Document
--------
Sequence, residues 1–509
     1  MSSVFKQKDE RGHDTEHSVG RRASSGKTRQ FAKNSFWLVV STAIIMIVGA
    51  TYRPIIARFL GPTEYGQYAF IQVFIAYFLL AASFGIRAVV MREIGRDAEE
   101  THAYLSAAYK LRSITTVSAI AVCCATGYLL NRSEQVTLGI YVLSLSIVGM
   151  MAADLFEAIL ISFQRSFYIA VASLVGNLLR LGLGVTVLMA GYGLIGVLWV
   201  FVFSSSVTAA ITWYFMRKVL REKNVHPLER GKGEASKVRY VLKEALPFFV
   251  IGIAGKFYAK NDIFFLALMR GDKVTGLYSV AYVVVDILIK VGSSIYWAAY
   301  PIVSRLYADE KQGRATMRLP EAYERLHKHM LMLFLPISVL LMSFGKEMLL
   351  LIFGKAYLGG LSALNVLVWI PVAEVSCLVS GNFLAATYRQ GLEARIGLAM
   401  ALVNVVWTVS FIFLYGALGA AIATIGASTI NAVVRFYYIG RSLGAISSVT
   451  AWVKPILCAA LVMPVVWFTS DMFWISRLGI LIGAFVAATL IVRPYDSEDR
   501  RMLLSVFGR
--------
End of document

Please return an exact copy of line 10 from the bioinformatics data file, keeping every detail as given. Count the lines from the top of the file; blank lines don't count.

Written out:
   401  ALVNVVWTVS FIFLYGALGA AIATIGASTI NAVVRFYYIG RSLGAISSVT